Archive for September 20, 2017


Negligence in Potion Making

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Potions seem super spooky in media. They’re bubbling, odd colors and always made in a cauldron. Except that doesn’t really happen. Most are just some version of a tea. And not usually radioactive neon colors. Or fogging over the container holding it.

There also goes the practice of learning herbalism, biology and biochemistry. These things are pretty important, especially if you want to drink the potion. This also is the part most people who learn about magick on the internet seem to neglect. A lot.

Here’s the thing about nature: not every plant out there is meant to make a human happy and content. Nature doesn’t exist for humankind, firstly. Secondly, there are a lot of plants out there that do not want to be eaten or bothered, hence why they may have poisons, thorns or a combination. The poison ivy interacts with a person, person discovers it’s not a fun experience, the ivy gets steered clear of (unless the person has access to protective gear to get rid of it or the genetics to not be affected). Eucalyptus actually seeps poisons into the ground to kill other plants around it so they can grow and flourish. Nature is not some happy Disneyland that humans can frolic and take from, this definitely goes into teas and potion making.

There is a science in potion making, several of them, actually. Otherwise, you could risk killing someone or making them super sick. Measurements, historical background, parts of plants, chemical reactions, biochemical reactions, all these things are important.

Metaphysical properties of various plants and herbs are very important in spellwork but when it comes to eating, drinking or placing herbs on your skin, there is more to consider. Some herbs may seem great but could prove harmful, or illegal. In my experience, I’ve noticed the average potionworker is not very well learned and sort of have a “if it is natural, it’s good for you” motto. And then wonder why they are even sicker than they started – or worse, misread the sickness as a sign of proof the potion is working – or still have the ailment they started with. Or are now nursing an addiction problem they’re in constant denial about and still stuck with their illness – a super common one, now.

If interested in potion work, I always suggest to learn as much about health and medicine as an actual practicing doctor and layer on top the botany and mesh it cleanly. Meaning reading tomes and tomes of medical books, biology books, etc, and with years and years of study. Take classes in health, health history and herbalism, don’t rely on the internet to tell you what to do, things like that. Taking a “everything in nature is good for you” stance is a dangerous and possibly deadly stance. For example, mugwort can help with depression but too much of that can actually kill you. There are some species of aloe vera that can harm pets if eaten. Cramps bark refer to two different species of plants. The stem of one plant could be effective but the roots of that same plant are very poisonous or there is a particular stage of germination to use the plant.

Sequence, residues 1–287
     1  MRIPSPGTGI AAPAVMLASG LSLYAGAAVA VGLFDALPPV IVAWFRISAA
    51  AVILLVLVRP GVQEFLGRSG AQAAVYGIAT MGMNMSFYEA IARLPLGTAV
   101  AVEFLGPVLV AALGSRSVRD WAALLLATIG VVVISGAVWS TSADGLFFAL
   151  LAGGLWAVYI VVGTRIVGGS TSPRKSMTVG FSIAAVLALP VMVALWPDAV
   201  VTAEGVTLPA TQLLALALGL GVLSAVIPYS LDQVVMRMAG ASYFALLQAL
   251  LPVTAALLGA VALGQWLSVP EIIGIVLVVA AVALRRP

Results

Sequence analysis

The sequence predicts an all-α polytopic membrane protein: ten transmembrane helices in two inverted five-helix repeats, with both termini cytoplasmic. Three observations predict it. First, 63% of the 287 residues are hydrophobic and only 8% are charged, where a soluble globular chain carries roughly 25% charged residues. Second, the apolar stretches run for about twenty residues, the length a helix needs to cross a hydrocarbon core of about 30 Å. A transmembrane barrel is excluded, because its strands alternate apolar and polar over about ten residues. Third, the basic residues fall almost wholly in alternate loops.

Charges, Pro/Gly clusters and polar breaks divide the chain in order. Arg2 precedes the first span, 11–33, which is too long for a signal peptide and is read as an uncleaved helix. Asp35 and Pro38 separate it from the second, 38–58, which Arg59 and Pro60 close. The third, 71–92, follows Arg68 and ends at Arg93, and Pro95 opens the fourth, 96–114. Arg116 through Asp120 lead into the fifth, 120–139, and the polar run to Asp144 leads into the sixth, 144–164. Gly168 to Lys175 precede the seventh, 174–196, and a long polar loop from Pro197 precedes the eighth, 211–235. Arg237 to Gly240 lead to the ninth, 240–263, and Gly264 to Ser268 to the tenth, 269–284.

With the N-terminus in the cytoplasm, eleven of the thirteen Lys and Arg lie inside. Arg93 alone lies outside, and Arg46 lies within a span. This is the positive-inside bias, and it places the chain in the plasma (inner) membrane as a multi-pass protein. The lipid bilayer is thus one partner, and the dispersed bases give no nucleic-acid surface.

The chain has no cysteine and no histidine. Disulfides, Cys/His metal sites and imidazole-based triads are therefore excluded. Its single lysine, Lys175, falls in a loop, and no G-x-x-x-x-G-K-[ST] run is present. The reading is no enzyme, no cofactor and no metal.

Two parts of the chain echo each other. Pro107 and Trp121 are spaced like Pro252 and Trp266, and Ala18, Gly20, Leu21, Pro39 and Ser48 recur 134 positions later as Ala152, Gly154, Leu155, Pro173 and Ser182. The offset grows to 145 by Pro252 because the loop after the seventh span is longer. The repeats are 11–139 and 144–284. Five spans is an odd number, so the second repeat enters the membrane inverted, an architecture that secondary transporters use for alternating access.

Now, not all potions consist of plants, some have additional ingredients. Simply, be ethical about it. No murdering animals (there are very effective alternatives). No murdering people (again, very effective alternatives). Don’t feed other potions that have hazardous substances such as excrement or blood. Don’t feed it to yourself, ether – there are very effective alternatives. You can still be a potion maker without acting like you’re mimicking the life stages of a serial killer.

Mainly, research a lot. Take a long time researching. Don’t just hop on some website that most likely made up some concoction with no rhyme or reason, actually learn what you’re doing. Take some classes if possible. And most importantly – don’t think everything in nature is automatically good for you.

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It’s that time of year again for the Black Witches convention, Dawtas of the Moon. It’s the second year for the convention, last year was pretty decent. So if you missed it, here is your second chance!

Let it be noted, this is an event for Women of Color (WoC) only. As best described on the event’s ticket site:

“This event is for WOMEN OF COLOR ONLY! If you are not a woman or a woman of color and you decide to purchase a ticket, understand that you will NOT GET A REFUND AND YOU WILL BE TURNED AWAY AT THE DOOR WITH A THANK YOU FOR THE DONATION.

If you’re not of this intersection, please be mindful. Last year was only WoC, no other.

There will be plenty of workshops available for participants, such as elemental magick, astrology, Voodun, and more! I will be teaching a workshop on the first day, October 20, on cartomancy called “Cartomancy, Playing Card Divination”. Last year, I did a workshop on how to research and being in metaphysics/witchcraft. This time, I will be teaching playing card divination, cartomancy.

On the ticket site, there is a rundown of events and times per session. My workshop time is 11:30 AM-12:30 PM and there are three workshops per session (to give con goers variety and choices).

The game plan is that I’ll work with a small group (I haven’t a clue what capacity will be so I’m expecting 15 people or so for my workshop) and showing how to do cartomancy and a super basic spread. Afterwards, I will be available to talk to and suches. I’ll most likely be floating around the venue, particularly around the food areas. I am not sure if I’ll be at the Black Witch Masquerade Ball, however, though.

Check out the tickets on the eventbrite, most ticket sales end on Oct 19.

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